To provide for the treatment of personal property taxes collected in the interim between the Illinois Supreme Court's ruling in Lake Shore and the then anticipated resolution of the issue by the U. S. Supreme Court, the Illinois legislature, enacted Ill.Rev.Stat. ch. 120, § 676.01, effective July 27, 1972. This statute directed that the disputed property taxes be deposited in an interest-bearing escrow account and that full repayment be made to taxpayers "for whom such tax payments (were) placed in escrow" if the taxes were "ultimately held to be invalid."

Against this background, on July 28, 1972, the Bank paid under protest $38,867.64 in personal property taxes on behalf of its shareholders. On its 1972 tax return, the Bank claimed and was allowed a deduction for these tax payments pursuant to I.R.C. § 164(e).*fn1

In February, 1973, in Lehnhausen v. Lake Shore Auto Parts Co., 410 U.S. 356, 93 S. Ct. 1001, 35 L. Ed. 2d 351 (1973), the United States Supreme Court reversed the Illinois Supreme Court and upheld the validity of the amendment to the Illinois Constitution barring imposition of personal property taxes on property owned by individuals. Accordingly, the $38,867.64 in taxes previously paid by the Bank became refundable. The County Collector of Christian County, Illinois, refunded the erroneously collected taxes in July of 1973 together with $1,173.80 in accrued interest. The refund checks were made payable jointly to the Bank and to its shareholders. Thereafter, the Bank endorsed each of the checks and forwarded them to its shareholders on August 1, 1973.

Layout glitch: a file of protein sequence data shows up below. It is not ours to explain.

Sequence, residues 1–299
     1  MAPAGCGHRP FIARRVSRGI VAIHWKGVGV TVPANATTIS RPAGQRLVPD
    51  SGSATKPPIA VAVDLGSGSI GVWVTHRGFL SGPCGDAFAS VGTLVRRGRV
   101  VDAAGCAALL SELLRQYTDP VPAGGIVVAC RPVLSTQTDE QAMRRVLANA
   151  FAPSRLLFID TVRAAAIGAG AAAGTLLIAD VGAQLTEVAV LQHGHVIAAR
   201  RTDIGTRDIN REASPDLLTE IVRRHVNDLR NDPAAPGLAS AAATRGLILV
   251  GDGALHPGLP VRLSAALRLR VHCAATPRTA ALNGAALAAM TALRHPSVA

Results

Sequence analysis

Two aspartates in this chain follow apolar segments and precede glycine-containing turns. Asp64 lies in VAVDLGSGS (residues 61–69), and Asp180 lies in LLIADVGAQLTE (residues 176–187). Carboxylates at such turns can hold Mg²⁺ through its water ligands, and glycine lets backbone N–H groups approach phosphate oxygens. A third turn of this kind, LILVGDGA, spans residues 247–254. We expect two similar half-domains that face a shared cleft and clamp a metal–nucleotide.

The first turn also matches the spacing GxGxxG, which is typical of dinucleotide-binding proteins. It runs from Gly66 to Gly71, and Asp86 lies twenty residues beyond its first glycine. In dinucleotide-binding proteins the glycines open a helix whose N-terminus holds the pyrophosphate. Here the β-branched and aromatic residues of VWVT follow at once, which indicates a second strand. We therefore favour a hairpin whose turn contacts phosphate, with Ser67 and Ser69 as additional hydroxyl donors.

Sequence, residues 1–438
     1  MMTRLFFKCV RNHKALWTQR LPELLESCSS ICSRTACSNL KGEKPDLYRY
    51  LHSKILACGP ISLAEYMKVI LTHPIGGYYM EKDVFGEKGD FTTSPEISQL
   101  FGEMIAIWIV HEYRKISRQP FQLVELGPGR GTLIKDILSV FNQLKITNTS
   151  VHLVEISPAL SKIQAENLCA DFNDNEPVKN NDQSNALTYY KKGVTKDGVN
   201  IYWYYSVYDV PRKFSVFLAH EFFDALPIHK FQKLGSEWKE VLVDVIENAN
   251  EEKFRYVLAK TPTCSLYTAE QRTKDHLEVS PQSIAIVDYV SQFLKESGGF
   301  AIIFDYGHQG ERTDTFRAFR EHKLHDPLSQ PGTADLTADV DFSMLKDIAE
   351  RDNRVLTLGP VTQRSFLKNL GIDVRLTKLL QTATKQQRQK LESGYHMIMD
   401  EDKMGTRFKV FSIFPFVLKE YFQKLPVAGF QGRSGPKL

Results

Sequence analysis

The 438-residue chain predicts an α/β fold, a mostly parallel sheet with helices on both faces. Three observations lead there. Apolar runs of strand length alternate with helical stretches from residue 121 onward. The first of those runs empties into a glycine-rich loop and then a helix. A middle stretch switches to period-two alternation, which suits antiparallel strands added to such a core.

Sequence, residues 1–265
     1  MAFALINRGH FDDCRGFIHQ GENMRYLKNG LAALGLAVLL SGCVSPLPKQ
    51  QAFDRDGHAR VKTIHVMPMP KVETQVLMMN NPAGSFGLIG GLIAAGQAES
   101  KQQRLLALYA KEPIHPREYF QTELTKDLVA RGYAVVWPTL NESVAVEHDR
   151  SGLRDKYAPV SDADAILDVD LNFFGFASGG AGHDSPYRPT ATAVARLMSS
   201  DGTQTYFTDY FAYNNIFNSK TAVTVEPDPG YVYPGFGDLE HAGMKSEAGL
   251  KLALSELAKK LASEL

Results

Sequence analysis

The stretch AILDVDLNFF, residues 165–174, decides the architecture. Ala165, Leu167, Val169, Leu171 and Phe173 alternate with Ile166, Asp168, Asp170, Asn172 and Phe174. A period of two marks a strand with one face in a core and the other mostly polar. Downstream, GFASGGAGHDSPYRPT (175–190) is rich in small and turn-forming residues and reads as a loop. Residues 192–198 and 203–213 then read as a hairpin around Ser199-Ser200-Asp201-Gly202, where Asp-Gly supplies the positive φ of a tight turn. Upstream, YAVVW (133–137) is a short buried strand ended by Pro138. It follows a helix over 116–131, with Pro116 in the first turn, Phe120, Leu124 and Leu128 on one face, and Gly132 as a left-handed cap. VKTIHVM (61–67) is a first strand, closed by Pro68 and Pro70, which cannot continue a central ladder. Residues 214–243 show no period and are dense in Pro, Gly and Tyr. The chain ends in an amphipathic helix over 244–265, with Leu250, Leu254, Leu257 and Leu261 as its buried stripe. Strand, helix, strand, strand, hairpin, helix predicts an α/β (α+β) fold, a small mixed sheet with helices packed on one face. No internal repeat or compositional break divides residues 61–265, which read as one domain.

The Internal Revenue Service determined that, applying the tax benefit rule, the Bank realized income in 1973 at the time of the refund. An additional $19,219.89 in income taxes for 1973, payable with respect to the refund, was therefore assessed against it. The Bank paid this amount and brought the present suit for refund.